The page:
1. To catch sight of, especially something distant or obscure;

   to discern.

   2. To discover by observation; to detect.


     On  a clear day, if there was no sun, you could descry (but

     barely)  the  ships  roving  out at anchor in Herne Bay and

     count their masts.


desideratum \dih-sid-uh-RAY-tum; -RAH-\, noun;  plural desiderata:

   Something desired or considered necessary.


desuetude \DES-wih-tood, -tyood\, noun:

   The  cessation  of  use; discontinuance of practice or custom;



detritus \dih-TRY-tuhs\, noun; plural detritus:

   1. Loose material that is worn away from rocks.

   2.  Hence, any fragments separated from the body to which they

   belonged; any product of disintegration; debris.


discursive \dis-KUR-siv\, adjective:

   1.  Passing  from  one  topic  to another; ranging over a wide

   field; digressive; rambling.

   2.  Utilizing,  marked by, or based on analytical reasoning --

   contrasted with intuitive.


dissolute \DIS-uh-loot\, adjective:

   Loose  in  morals and conduct; marked by indulgence in sensual

   pleasures or vices.


doula \DOO-luh\, noun:

   A  woman  who  assists  during  childbirth  labor and provides

   support  to  the  mother,  her  child  and  the  family  after


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ebullient \ih-BUL-yuhnt\, adjective:

   1. Overflowing with enthusiasm or excitement; high-spirited.

   2. Boiling up or over.


enervate \EN-ur-vayt\, transitive verb:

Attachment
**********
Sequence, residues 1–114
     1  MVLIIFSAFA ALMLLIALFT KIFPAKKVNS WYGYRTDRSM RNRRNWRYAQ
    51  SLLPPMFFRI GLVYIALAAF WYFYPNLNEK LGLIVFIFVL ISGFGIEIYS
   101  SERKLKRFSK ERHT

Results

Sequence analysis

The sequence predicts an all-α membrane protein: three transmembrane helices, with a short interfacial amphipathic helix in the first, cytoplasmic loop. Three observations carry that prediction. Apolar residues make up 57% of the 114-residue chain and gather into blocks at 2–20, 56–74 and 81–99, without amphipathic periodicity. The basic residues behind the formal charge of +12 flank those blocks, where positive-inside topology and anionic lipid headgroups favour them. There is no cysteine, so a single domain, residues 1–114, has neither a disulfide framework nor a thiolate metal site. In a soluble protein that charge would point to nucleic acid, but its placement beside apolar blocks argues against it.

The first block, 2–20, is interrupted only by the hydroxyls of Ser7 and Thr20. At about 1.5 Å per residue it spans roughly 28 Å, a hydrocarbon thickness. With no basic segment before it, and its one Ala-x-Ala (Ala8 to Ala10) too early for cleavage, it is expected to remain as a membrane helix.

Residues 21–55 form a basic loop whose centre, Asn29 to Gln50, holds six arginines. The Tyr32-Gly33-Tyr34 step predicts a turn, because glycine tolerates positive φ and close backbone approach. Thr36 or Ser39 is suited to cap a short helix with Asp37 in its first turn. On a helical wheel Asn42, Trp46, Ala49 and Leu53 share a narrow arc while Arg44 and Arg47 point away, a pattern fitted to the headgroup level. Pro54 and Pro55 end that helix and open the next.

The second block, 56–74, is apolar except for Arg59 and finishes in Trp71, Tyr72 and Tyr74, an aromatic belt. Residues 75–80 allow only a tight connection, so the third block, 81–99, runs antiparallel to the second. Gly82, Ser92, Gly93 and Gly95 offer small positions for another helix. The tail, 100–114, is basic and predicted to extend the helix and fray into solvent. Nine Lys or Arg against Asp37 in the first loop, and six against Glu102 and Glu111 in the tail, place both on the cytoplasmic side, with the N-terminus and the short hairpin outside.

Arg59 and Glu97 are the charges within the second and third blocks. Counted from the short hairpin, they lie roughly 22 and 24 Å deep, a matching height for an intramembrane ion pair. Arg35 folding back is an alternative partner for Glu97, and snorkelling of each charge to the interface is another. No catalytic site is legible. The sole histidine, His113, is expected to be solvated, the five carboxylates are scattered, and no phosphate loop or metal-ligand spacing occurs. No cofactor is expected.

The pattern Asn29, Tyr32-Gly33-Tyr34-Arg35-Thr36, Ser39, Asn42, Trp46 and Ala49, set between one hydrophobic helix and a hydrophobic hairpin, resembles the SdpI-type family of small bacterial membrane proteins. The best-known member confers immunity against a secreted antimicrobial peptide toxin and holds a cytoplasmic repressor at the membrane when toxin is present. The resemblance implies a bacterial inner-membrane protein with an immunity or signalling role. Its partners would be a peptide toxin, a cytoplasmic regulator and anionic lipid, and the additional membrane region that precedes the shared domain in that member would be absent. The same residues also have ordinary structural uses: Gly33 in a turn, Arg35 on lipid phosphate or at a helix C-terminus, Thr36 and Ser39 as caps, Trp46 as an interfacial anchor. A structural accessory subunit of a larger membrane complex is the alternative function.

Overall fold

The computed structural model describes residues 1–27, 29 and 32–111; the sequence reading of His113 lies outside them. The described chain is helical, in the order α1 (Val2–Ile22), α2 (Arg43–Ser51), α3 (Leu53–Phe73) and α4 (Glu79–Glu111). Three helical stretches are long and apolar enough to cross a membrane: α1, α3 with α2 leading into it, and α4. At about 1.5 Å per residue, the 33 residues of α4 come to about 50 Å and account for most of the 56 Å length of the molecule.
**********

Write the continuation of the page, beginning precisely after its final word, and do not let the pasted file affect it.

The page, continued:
1.  To deprive of vigor, force, or strength; to render feeble;

   to weaken.

   2. To reduce the moral or mental vigor of.

    Beatriz  de  Ahumada  soldiered  on  to  produce  nine more

   children, a tour of duty that left her enervated and worn.


exculpate \EK-skuhl-payt; ek-SKUHL-payt\, transitive verb:

   To  clear  from  alleged  fault  or  guilt;  to  prove  to  be

   guiltless; to relieve of blame; to acquit.

   Each  member is determined to exculpate himself, to lay the

     blame elsewhere.


erudite \AIR-yuh-dyt; -uh-dyt\, adjective:

   Characterized by extensive reading or knowledge; learned.


evanescent \ev-uh-NES-unt\, adjective:

   Liable to vanish or pass away like vapor; fleeting.


excrescence \ik-SKRESS-uhn(t)s\, noun:

   1.  Something (especially something abnormal) growing out from

   something else.

   2. A disfiguring or unwanted mark, part, or addition.


exigent \EK-suh-juhnt\, adjective:

   1. Requiring immediate aid or action; pressing; critical.

   2. Requiring much effort or expense; demanding; exacting.


exiguous \ig-ZIG-yoo-us\, adjective: Extremely scanty; meager.

      They  are  entering  the market, setting up stalls on snowy

     streets, moonlighting to supplement exiguous incomes.


expatiate \ek-SPAY-shee-ayt\, intransitive verb:

   1. To speak or write at length or in considerable detail.

   2. To move about freely; to wander.


extant \EK-stunt; ek-STANT\, adjective:

   Still existing; not destroyed, lost, or extinct.


extempore \ik-STEM-puh-ree\, adverb:

   Without  premeditation  or  preparation;  on  the  spur of the



extricate \EK-struh-kayt\, transitive verb:

   To  free  or release from a difficulty or entanglement; to get  free; to disengage.

   Sean  introduced  himself and then extricated his hand from

     Ronan's persistent grasp in order to show him the photo.